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More schools and districts scored higher this year on the state’s annual performance ratings than in 2022, according to preliminary ratings released Tuesday by the Colorado Department of Education.
But, similar to trends with state test data, the number of schools and districts with good ratings is still lower than before the pandemic.
And, although more schools and ratings improved overall, more schools and districts were newly identified as low performing, putting them on the state’s watchlist for low performance.
Colorado issues school performance ratings for every public school and district annually, using state test data, graduation rates, and some post-secondary data such as college enrollment and participation in career education. The highest rating for districts is distinction, while the highest rating for schools is performance, followed by improvement, priority improvement, and lastly, turnaround. By state law, the State Board of Education is required to intervene in schools or districts once they’ve had five consecutive years of one of the two lowest ratings.
This year’s ratings are the first since 2019 to count for school accountability purposes. Ratings were not issued in 2020 or 2021 due to pandemic testing disruptions, and last year’s ratings were considered advisory. The ratings are preliminary because schools and districts can request the state change the rating taking into account different data. The ratings become final after that process, by December.
Overall, the Colorado Department of Education reported that 70% of districts and 78% of schools earned ratings of improvement or higher.
Among the state’s 184 school districts and BOCES, three districts earned a turnaround or red rating this year: Centennial R-1, Deer Trail, and East Otero; last year, only one received that rating. BOCES or boards of cooperative educational services are groups of small districts that share resources.
The three districts in turnaround — all serving small rural communities — received their lower ratings due to low test participation. Aurora and Sheridan districts earned priority improvement, the second-to-lowest rating, and are now on the state’s list for low performance. Both have been on the state’s watchlist before.
A rating for a school or district can be lowered if the rate of participation, after removing parent excused absences, is below 95% for two or more content areas. Although it’s happened before, it was more common this year for districts or schools to have a rating lowered for low participation. In 2022, since the ratings were advisory, the state waived the participation requirements that could have lowered many ratings.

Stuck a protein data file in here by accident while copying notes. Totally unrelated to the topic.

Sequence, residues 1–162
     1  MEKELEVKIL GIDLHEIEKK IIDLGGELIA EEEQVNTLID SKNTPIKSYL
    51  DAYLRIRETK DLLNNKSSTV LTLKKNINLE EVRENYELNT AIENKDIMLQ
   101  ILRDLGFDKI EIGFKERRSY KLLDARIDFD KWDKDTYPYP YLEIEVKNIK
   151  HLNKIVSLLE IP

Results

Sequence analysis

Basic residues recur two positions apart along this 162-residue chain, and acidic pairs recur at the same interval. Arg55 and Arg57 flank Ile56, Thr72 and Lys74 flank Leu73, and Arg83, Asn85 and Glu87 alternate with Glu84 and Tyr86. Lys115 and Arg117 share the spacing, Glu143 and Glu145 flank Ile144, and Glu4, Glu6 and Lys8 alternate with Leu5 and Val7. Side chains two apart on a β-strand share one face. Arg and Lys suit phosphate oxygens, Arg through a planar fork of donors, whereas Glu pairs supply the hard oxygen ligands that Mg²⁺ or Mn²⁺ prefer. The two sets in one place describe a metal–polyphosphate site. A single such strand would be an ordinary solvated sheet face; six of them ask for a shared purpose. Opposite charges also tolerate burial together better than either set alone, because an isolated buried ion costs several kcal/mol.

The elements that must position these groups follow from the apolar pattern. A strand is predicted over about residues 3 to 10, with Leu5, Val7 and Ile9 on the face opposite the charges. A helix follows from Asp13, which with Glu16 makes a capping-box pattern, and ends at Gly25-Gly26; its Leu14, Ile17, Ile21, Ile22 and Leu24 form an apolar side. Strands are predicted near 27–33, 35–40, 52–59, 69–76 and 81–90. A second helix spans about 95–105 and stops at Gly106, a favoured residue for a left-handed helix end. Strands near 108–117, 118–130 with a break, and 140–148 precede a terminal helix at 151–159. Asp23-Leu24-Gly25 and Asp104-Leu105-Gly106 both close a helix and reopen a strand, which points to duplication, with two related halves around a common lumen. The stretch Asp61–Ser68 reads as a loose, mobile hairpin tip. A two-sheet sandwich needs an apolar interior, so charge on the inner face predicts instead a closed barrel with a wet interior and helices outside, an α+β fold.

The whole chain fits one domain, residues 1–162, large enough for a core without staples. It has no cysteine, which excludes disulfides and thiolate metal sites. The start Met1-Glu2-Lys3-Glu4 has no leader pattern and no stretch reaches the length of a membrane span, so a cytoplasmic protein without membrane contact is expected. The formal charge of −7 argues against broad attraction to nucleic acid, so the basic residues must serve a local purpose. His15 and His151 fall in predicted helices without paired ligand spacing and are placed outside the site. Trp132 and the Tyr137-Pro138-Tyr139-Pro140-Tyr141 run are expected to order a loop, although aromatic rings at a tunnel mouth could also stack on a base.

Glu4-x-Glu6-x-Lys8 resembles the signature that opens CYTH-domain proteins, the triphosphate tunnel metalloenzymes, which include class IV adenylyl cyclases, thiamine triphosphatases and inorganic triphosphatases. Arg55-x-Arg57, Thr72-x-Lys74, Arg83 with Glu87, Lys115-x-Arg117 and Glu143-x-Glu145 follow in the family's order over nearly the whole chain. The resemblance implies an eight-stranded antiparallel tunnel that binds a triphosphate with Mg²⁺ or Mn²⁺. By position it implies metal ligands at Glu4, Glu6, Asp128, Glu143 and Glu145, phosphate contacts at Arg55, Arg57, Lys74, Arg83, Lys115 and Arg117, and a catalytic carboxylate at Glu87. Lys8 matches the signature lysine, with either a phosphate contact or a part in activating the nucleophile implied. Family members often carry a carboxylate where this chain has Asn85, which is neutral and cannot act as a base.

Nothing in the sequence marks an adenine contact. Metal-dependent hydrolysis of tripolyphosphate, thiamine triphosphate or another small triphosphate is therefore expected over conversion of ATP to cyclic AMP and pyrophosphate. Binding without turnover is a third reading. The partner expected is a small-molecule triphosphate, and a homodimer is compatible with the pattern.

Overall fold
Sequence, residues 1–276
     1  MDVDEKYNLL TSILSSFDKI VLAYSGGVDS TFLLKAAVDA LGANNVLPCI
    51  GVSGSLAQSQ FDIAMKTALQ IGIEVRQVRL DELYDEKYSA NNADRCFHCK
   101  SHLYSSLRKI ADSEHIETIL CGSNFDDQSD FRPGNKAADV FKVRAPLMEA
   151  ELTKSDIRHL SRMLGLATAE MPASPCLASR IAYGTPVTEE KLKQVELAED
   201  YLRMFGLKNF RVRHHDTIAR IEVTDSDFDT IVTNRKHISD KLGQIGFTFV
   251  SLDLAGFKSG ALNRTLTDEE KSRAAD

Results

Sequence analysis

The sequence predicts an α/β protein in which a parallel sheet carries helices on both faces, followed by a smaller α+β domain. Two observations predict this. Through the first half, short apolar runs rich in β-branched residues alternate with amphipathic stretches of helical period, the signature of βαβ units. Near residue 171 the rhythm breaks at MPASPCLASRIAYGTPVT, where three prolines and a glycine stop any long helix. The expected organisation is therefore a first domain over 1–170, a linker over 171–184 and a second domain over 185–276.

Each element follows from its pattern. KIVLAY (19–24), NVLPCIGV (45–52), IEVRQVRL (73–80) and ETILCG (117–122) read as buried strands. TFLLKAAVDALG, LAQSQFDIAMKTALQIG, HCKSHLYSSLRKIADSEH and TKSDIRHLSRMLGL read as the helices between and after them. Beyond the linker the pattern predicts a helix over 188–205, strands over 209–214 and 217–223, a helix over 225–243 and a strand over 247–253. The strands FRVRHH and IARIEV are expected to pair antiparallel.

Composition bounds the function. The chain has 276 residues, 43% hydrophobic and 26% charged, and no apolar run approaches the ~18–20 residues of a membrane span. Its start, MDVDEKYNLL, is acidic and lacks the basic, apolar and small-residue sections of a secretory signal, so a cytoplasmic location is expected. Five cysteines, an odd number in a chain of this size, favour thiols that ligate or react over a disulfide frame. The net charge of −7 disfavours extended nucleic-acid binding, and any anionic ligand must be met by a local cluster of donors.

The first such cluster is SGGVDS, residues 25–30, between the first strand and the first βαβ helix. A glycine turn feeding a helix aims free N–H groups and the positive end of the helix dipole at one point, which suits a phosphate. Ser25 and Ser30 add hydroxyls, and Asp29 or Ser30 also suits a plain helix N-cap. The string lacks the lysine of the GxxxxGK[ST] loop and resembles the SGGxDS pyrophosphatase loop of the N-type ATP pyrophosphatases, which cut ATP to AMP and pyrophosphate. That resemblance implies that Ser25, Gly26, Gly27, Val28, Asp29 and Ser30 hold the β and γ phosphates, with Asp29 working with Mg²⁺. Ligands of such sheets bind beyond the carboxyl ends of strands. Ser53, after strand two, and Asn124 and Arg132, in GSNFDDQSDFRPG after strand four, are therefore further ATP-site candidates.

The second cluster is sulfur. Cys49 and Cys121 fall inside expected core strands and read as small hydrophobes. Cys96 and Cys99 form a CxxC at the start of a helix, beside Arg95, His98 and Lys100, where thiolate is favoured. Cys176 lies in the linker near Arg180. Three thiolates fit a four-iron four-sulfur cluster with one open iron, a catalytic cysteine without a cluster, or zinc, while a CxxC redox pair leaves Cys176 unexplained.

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Adams 14, the one district that was rated turnaround in 2022, moved up to priority improvement. The Adams 14 school district has been rated in the bottom two categories for 10 years and has been ordered to try various improvements, which haven’t been effective. The district is fighting the latest state order to reorganize. The move up doesn’t take it off the state’s watchlist for low performance.
Another district, the 107-student Aguilar district in southern Colorado, which had also been under state orders for years of low performance, did improve enough this year to get off the watchlist.
Two districts, Mesa County Valley School District 51 and Pueblo 60, do not yet have district ratings as the state is recalculating their data and expects to release their ratings next month.
Meanwhile, efforts to change the state’s accountability system are ongoing. Critics say the ratings rely too heavily on standardized test data and are biased against districts with high percentages of students from low-income families or who are not native English speakers. The legislature has convened a task force to recommend changes to the school ratings system, but any changes likely wouldn’t happen until 2025.
Of 22 districts that earned one of the two lowest ratings, 11 are majority students of color.
In Denver Public Schools, Colorado’s largest school district, fewer schools earned the top rating this year than last year. But low student participation on state standardized tests could be the reason. Nine schools’ ratings were lowered from performance, signified by the color green, to improvement, or color yellow, due to low test participation.
Those schools include some of DPS’ largest high schools, including East, Northfield, South, George Washington, and Thomas Jefferson.
More DPS schools earned one of the two lowest ratings this year than last year. But last year’s ratings breakdown was skewed because so many DPS schools — 40 last year compared to just three this year — had insufficient data for the state to calculate a rating.
Six DPS schools this year earned the lowest rating of turnaround. Four are elementary schools, one is an ECE-8 school, and one is a high school. West High, which reopened in 2021 after being closed for low test scores, was bumped down to a red turnaround rating because of low student test participation. The other red Denver schools are: College View Elementary, McGlone Academy, Oakland Elementary, Barnum Elementary, and Academy 360.
Two DPS high schools are under state improvement orders for chronic low performance. Both schools, Abraham Lincoln and Manual, earned the same rating this year as they did last year: priority improvement, signified by the color orange.
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Yesenia Robles is a reporter for Chalkbeat Colorado covering K-12 school districts and multilingual education. Contact Yesenia at email@example.com.
Melanie Asmar is a senior reporter for Chalkbeat Colorado, covering Denver Public Schools. Contact Melanie at firstname.lastname@example.org.